      Teacher Professional Continuum


Office of Proposal         Vice President for Research, Texas A&M
Development 10/14/2005      Vice Chancellor for Research, TAMUS      170
Programs targeting predominantly
undergraduate institutions
   Biological Sciences Cross-disciplinary Research
    at Undergraduate Institutions
http://www.nsf.gov/pubs/2004/nsf04536/nsf04536.htm
   Research in Undergraduate Institutions (RUI)
http://www.nsf.gov/publications/pub_summ.jsp?ods_key=nsf00144
   Research Opportunity Award Supplement (ROA)
http://www.nsf.gov/pubs/2005/nsf05548/nsf05548.pdf




Office of Proposal       Vice President for Research, Texas A&M
Development 10/14/2005    Vice Chancellor for Research, TAMUS     171
Examples of funding opportunities
     Programs targeting minorities and minority-serving institutions
           http://www.nsf.gov/od/lpa/news/publicat/nsf04009/ehr/hrd.htm#1
          Alliances for Graduate Education and the Professoriate (AGEP)
          Centers of Research Excellence in Science and Technology
           (CREST)
          Historically Black Colleges and Universities–Undergraduate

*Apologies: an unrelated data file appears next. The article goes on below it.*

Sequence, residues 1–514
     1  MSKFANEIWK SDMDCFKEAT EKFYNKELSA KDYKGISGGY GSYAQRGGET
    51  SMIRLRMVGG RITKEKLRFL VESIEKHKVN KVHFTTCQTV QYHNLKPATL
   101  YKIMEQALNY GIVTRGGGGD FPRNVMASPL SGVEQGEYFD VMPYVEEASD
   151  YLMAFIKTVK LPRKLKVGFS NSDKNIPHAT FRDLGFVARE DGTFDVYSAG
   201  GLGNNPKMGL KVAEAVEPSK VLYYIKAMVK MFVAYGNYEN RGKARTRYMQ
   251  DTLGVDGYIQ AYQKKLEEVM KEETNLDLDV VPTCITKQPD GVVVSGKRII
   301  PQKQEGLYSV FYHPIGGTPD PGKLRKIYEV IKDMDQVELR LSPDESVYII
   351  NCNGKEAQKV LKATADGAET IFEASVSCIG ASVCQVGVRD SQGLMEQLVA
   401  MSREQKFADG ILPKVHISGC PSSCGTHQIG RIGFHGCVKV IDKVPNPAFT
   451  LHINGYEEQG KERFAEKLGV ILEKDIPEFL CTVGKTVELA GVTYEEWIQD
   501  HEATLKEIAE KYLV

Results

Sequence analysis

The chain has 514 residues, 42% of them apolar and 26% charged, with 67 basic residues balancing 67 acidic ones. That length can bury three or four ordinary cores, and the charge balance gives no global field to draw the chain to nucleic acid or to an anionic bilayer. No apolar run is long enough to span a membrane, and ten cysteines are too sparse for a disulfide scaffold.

Program (HBCU-UP)
          Louis Stokes Alliances for Minority Participation (LSAMP)
          Tribal Colleges and Universities Program (TCUP)
          Research Initiation Grants and Career Advancement Awards to
           Broaden Participation in the Biological Sciences
           http://www.nsf.gov/funding/pgm_summ.jsp?pims_id=10676&org=NSF
           &from=fund




Office of Proposal            Vice President for Research, Texas A&M
Development 10/14/2005         Vice Chancellor for Research, TAMUS          172
Example funding opportunities
    Grants Funding Equipment (web sites in handout)
         Major Research Instrumentation (MRI)
         Earth Sciences Instrumentation and Facilities (EAR/IF)
         Research Equipment for Chemical Transport System
          Division
         Chemical Research Instrumentation and Facilities
         Multi-user Equipment and Instrumentation Resources for
          Biological Sciences
         Archaeometry Awards
         Astronomical Sciences Advanced Technologies and
          Instrumentation (ATI)


Office of Proposal       Vice President for Research, Texas A&M
Development 10/14/2005    Vice Chancellor for Research, TAMUS      173
          Example funding opportunities
                   CAREER